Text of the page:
McKaughan, director over the program, along with Oakes and Lance, are all members of the Oklahoma Army National Guard’s (OKARNG) 45th Infantry Brigade Combat Team (IBCT). The Brigade is currently on alert for a year-long deployment to Afghanistan in support of Operation Enduring Freedom. They are set to deploy early this year.
The CN Veteran’s Advocacy program was created in 2005 to assist Native American veterans with filing claims for the benefits to which they are entitled. They do this by establishing contacts with the Veterans Administration, helping to file claim forms, and answering any questions the veterans may have in the process. They also aid in obtaining copies of necessary documents such as medical and military personnel records.
“The men who work in the Veteran’s Advocacy program at the Choctaw Nation have great pride in the job they do, assisting veterans and soldiers. This program has not only helped hundreds with government paperwork, they also send care packages to the members of the military who are serving our country in war zones today,” said Chief Gregory E. Pyle. “If there is something special a soldier in Afghanistan or Iraq wants or needs, our advocate here in the tribal office will make a tremendous effort to get that item mailed to them as soon as possible.”
Oakes explained further how being service members themselves has helped them do their job more efficiently. “When this department started up, Chief Pyle’s vision was to have a ‘one-stop shop’ to assist our veterans,” he said. “The fact that we all are in the military as well is an advantage because it makes it easier to relate to the veterans we’re serving and understand the issues they may be facing. There’s a kinship we share,” he continued.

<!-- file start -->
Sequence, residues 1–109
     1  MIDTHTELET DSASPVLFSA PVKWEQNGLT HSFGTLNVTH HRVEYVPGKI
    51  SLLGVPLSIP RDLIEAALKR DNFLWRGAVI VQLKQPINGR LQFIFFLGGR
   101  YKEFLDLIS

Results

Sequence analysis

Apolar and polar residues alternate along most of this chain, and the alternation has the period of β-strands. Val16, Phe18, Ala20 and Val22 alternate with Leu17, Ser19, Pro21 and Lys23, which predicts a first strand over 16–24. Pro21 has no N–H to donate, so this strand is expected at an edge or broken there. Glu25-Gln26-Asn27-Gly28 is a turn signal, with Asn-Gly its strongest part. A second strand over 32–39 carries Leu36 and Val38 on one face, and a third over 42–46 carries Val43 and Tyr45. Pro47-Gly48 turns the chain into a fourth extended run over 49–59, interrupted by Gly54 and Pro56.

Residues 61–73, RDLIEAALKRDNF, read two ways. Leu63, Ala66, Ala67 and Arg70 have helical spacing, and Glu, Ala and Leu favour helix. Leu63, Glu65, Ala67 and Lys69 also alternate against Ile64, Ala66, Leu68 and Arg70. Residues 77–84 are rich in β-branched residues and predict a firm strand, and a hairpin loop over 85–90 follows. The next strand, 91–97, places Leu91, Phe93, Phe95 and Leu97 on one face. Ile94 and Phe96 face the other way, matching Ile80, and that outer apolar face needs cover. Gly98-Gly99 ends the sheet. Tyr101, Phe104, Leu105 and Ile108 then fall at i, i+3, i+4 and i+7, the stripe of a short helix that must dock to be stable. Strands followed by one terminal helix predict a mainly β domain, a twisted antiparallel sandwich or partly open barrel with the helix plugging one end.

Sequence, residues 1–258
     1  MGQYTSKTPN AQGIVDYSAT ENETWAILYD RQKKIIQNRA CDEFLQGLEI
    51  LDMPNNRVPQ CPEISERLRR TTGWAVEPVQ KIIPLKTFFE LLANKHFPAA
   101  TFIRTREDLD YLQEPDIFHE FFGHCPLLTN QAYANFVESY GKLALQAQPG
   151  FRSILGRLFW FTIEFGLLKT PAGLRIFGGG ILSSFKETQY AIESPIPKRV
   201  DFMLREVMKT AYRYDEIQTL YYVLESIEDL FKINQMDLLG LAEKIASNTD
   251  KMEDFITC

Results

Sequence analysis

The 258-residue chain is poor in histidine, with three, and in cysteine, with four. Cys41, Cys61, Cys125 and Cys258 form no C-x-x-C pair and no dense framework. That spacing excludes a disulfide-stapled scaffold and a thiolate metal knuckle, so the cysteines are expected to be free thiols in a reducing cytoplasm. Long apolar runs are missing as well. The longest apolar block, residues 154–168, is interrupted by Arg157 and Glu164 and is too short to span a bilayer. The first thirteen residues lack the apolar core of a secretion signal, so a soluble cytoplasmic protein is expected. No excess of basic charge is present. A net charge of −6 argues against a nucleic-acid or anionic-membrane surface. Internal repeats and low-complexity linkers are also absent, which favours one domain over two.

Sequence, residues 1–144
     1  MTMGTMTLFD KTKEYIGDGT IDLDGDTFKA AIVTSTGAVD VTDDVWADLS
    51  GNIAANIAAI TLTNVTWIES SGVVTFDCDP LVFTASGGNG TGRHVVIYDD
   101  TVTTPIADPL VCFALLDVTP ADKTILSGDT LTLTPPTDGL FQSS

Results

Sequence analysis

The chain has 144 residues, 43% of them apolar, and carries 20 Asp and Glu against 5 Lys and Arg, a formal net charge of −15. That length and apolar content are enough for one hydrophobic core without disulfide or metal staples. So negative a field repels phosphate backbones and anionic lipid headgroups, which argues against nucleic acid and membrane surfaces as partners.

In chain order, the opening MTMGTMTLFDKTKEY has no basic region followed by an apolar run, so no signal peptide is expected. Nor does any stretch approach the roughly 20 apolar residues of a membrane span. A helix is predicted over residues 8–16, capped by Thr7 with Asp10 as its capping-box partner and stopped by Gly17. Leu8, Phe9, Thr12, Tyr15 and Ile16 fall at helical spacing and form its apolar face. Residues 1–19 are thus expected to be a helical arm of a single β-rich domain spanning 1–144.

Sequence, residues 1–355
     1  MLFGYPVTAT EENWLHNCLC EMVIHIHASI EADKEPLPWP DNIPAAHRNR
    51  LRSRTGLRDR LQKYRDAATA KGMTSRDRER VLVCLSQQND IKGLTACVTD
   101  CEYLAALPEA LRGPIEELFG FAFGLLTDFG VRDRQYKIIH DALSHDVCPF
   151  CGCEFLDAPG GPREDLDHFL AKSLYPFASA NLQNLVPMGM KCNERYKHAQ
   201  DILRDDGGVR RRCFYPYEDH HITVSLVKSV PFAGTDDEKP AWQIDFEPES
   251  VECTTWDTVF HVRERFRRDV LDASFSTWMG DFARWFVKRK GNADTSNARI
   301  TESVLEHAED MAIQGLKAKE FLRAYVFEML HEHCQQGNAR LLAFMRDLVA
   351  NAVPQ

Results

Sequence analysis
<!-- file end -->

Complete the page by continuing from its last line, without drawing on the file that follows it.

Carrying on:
That kinship translates into smooth operations and likely a smooth transition as they hand off the responsibility to a recently added staff member, Jason Burwick, also a member of the OKARNG. The operations within the department will still go on while the three men are deployed, but the logistics will be just slightly modified until they return next year. Burwick will take on the duties for the department with the aid of staff members from the Choctaw STAR (Success Through Academic Recognition) program.
John Jackson, executive director over the program, says the men will leave big shoes to fill but is certain Burwick will have no problem meeting the challenge.
“Obviously, it’ll be difficult for one person to step in and fill the shoes of these guys,” said Jackson. “It would be unrealistic to bring in someone who has not had their experience and knowledge and just expect him to pick up where they left off. But I’m confident Jason (Burwick), with the assistance of the STAR staff, will do a great job and the department will continue to make the Choctaw Nation proud.”
And by knowing they’re leaving their jobs in good hands the men can focus on what matters most to them – their families.
The three men, all married with children, know that leaving their families for a year will be a difficult undertaking, but realize it is just one of the burdens they unselfishly take on as citizen-soldiers.
“This is just one of those things that we always knew was a possibility,” said McKaughan, a married father of two, saying it’s the nature of serving in the military.